Book Review: Keiran Kramer’s “When Harry Met Molly”
After much ado, here is my very first book review on the new blog…
I read When Harry Met Molly by Kieran Kramer after Julia Quinn recommended it on her website. She acknowledged from the start that the book had a few historical inaccuracies, but it was the writing that drew her to the book.
Firstly, here’s the summary:
He’s always been a player.
Dashing Lord Harry Traemore is perfectly content to live out his days in the pursuit of pleasure. But when he’s named by the Prince Regent as one of society’s “Impossible Bachelors,” Harry is drafted into a ribald romantic wager. The rules of engagement are scandalously simple: The bachelor whose mistress wins the title of “Most Delectable Companion” gets to remain unmarried. Harry is utterly unconcerned about his status…until his latest lightskirt abandons him.
Who will win this game of love?
Enter Lady Molly Fairbanks. Harry’s childhood friend—actually, “foe” is more like it—is the most unlikely companion of all. She’s attractive but hot-headed, and in no mood for games. Besides, what could the self-indulgent Harry possibly know about what makes a woman delectable? It’s time for Molly to teach him a lesson once and for all…but will it lead to “happily ever after?”
At first I thought the book might read like a comtemporary due to the title, and the historical inaccuracies would draw my attention away from the characters and story. I imagined myself stopping halfway through to say, “People in the Regency era just didn’t do that! Argh!”
But this did not happen.
The main characters: Harry and Molly, kept my attention throughout the story. Not only did they have a love-hate relationship, or rather hate-love, but both characters had a sense of humour that I admired.
Molly and Harry are childhood enemies, the route of the prolem being that Molly (at the age of thirteen) read aloud a self-composed poem that depicted her love for Harry’s older brother Roderick, but also relayed her observation of a kiss between Harry and Roberick’s fiancee, Penelope (also Molly’s sister). While Roderick and Penelope made it through the incident with their engagement intact, the fiasco led to Harry enrollment with the army and Molly being sent to a strict girls school. Needless, to say both blamed the other for the incident.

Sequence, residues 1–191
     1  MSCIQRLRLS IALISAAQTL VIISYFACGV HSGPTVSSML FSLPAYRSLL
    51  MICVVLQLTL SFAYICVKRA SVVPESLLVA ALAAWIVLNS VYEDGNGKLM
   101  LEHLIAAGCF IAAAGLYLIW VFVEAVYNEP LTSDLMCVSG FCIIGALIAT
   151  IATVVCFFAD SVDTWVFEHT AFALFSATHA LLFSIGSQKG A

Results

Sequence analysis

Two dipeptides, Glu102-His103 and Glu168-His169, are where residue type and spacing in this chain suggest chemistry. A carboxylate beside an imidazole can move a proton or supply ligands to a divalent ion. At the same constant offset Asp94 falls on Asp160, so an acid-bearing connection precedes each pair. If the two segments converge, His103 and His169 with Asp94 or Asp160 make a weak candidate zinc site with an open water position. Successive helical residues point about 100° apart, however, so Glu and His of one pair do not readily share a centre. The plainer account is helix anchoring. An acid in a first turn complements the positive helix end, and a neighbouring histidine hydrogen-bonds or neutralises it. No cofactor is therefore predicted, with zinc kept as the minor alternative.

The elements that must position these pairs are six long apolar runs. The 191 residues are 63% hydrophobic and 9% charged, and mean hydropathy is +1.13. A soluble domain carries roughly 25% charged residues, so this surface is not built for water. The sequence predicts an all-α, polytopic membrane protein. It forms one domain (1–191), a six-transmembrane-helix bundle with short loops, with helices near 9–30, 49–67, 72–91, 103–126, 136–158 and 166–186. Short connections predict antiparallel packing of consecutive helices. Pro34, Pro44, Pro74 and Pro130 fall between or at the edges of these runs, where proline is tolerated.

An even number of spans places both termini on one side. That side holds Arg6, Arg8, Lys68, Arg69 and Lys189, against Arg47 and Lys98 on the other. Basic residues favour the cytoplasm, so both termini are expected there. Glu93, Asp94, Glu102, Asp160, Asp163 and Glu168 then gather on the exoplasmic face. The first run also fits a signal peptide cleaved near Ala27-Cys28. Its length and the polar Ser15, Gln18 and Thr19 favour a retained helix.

Thus, the hate begins…
In my humble opinion, Kramer set the stage perfectly for Harry and Molly’s relationship. Not only was there the dynamic of hate turing into love, but also the fact that both characters – being dismissed second children – had to develop a sense of self-worth.
More hilarity ensues when Molly’s fiance, with whom she was eloping, runs off with Harry’s mistress. Since Molly has just been abandoned with no way of getting home, Harry offers her a bargain: pretend to be his mistress for a week so he can enter the “Most Delectable Companion” contest and win a marriage-mart free year, and he will help Molly get home.
As Harry and Molly went from childhood enemies to fremenies to friends to lovers their was a lot of drama, and best of all comedy. There were wonderful laugh out loud moments in the book.
A LOVE RECTANGLE OF TRAGIC PROPORTIONS
Robert, Robert, wherefore are thou, Robert?
While Persephone’s in the arbor,
Bestowing kisses on young Barry,
You clutch the golden ring
She’s to wear when you marry.
Persephone, Persephone, why does thou wound Robert so?
Barry is but the moon
While Robert is the sun.
Can’t you see Robert is all
And Barry is, um, none?
Barry, oh, Barry, why not find your own true love?
My sister isn’t yours
She belongs to another,
But if you steal her away,
Perhaps I’ll marry your brother!
Did I mention I love the poem that Molly recites in the beginning? She of course tweaked the names a bit, for confidentiality purposes. Can you guess who Harry is?
Of course, as many other historical novelists mentioned, Kramer did take liberties with historical figures and events. The regent himself made many appearances in the novel, and did not come across as very royal in any of them. Also the situation between mistress and their protectors seemed a little unrealistic at times. (Although, allowances could be made for Molly because she is not really a mistress.) Then, there was the fact that Harry seemed a little too nonchalant about making Molly his fake mistress and risking her reputation. I found his reason – that she would be wearing too much powder and rouge to be recognized – a little, okay a lot, flimsy.
However, that said I still found this a most delectable read. Great chemistry between the characters, lots of comedy and a great writing style come together to give this book an 8/10.
I look forward to reading the rest of the “Impossible Bachelors” series.
–Rika Ashton (aka The Eagerly Awaiting)